Milk, Dairy and Grain Market Commentary

By Sarina Sharp, Daily Dairy Report

Sarina@DailyDairyReport.com


Milk & Dairy Markets

Rising costs and waning milk output pushed the U.S. dairy markets higher once again this week. Cheese led the way. CME spot Cheddar barrels leapt 22ȼ to $2.25 per pound, the highest price – by far – since November 2020. Blocks climbed 14.5ȼ to $2.275, also a 16-month high. Butter rallied 7ȼ to $2.795. The powders slipped. CME spot nonfat dry milk (NDM) fell a fraction of a cent to $1.8525, a value that is still historically high. Spot whey powder fell 4ȼ to 72ȼ.

Strong cheese and butter prices propelled the futures to new highs. Even after a Friday setback, Class III contracts finished between 14ȼ and 94ȼ higher than they began the week. May Class III settled at $25.01 per cwt. The June and July contracts peaked briefly above the $25 mark as well. Most Class IV contracts added 30 to 50ȼ this week. The April through August contracts all stand comfortably above $25.


U.S. milk output dropped to just over 17.5 billion pounds in February, 1% less than the year before and the fourth straight year-over-year decline. While some individual states posted strong growth, the Northern Plains is the only region that reported higher milk output than last year. The January and February milk production shortfalls represent the steepest U.S. deficits since 2009.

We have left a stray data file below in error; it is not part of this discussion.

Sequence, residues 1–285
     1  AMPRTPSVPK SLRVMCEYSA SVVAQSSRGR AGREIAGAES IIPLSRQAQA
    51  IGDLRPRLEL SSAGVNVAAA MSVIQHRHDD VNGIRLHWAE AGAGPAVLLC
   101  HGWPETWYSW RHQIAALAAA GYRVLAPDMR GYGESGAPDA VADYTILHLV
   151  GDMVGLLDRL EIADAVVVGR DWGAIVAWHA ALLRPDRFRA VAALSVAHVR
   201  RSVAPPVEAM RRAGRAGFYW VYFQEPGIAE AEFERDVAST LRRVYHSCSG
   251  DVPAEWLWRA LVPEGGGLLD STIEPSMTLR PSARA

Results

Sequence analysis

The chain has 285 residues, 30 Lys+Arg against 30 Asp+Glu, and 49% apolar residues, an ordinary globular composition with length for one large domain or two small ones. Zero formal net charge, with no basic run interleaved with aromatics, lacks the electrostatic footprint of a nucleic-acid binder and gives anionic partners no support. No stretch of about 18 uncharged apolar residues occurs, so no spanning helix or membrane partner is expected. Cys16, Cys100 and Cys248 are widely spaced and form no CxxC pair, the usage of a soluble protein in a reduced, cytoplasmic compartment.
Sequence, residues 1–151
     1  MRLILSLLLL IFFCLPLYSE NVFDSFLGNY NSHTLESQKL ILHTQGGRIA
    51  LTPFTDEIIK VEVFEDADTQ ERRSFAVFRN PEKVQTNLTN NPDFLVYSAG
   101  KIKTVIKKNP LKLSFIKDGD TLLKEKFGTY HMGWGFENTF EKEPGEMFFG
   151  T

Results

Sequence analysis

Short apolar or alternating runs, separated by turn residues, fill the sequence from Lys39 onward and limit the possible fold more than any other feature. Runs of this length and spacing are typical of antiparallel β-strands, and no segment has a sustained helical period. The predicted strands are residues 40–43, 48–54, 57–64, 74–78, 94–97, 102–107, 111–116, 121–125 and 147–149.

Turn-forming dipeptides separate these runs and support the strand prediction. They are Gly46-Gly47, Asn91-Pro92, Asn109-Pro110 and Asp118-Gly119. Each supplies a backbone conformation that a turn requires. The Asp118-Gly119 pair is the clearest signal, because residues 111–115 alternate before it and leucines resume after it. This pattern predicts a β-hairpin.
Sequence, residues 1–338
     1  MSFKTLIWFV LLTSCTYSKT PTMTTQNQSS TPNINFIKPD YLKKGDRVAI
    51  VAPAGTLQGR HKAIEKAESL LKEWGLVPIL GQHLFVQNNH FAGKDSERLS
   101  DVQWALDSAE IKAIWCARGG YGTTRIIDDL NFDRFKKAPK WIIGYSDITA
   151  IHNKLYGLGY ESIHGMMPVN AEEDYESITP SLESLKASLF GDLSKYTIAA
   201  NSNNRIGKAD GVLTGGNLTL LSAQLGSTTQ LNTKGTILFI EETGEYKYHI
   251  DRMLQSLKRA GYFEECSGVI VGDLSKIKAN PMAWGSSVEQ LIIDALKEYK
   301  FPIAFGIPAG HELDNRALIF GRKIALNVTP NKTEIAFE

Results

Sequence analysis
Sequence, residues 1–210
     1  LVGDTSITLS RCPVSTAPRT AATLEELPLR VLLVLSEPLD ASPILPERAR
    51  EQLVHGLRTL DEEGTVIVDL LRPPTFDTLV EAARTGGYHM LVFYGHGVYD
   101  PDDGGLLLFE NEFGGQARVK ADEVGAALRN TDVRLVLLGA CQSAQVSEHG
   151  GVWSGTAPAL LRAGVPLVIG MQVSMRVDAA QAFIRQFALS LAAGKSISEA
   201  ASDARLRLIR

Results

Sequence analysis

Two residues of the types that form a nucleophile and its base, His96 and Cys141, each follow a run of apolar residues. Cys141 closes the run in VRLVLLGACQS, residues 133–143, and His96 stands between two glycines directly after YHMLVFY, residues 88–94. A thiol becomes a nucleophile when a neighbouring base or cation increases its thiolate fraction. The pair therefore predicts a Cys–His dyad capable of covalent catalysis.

High milk prices prompted dairy producers to add a few cows. After contracting for eight months, the U.S. dairy herd grew by 3,000 head in February and reached 9.37 million. That is still 96,000 head smaller than it was in February 2021. $25 milk will surely incentivize dairy producers to step up milk output as much as possible. But high feed prices and low heifer inventories will likely forestall runaway growth.


Milk production continues to decline overseas as well. New Zealand milk output was shockingly low in February, down 8.2% from a year ago. Kiwi milk solids collections are down 4% for the season to date. New Zealand’s milk cooperatives keep raising pay prices to encourage greater milk output, but the weather has worked against them in the 2021-22 season. And it’s too late to significantly add to the dairy herd for the upcoming season, which begins in June. Dairy producers bred their cows five or six months ago, when the pay-price forecast was 13% lower than it is today. High feed costs suggest that Kiwi dairy producers won’t use a lot of supplemental feeds to boost milk yields, but better weather could at least help New Zealand’s 2022-23 milk output to recover to prior-year volumes.

Lower milk output among the world’s major exporters is the primary driver behind today’s unprecedented milk and dairy product prices. But demand matters too. Falling sales of whey products have spurred a modest selloff in what was once one of the strongest dairy markets. Chinese whey powder imports plummeted in January and February, as lower profit margins for pork producers left China’s pork industry with less appetite to pay up for feed whey.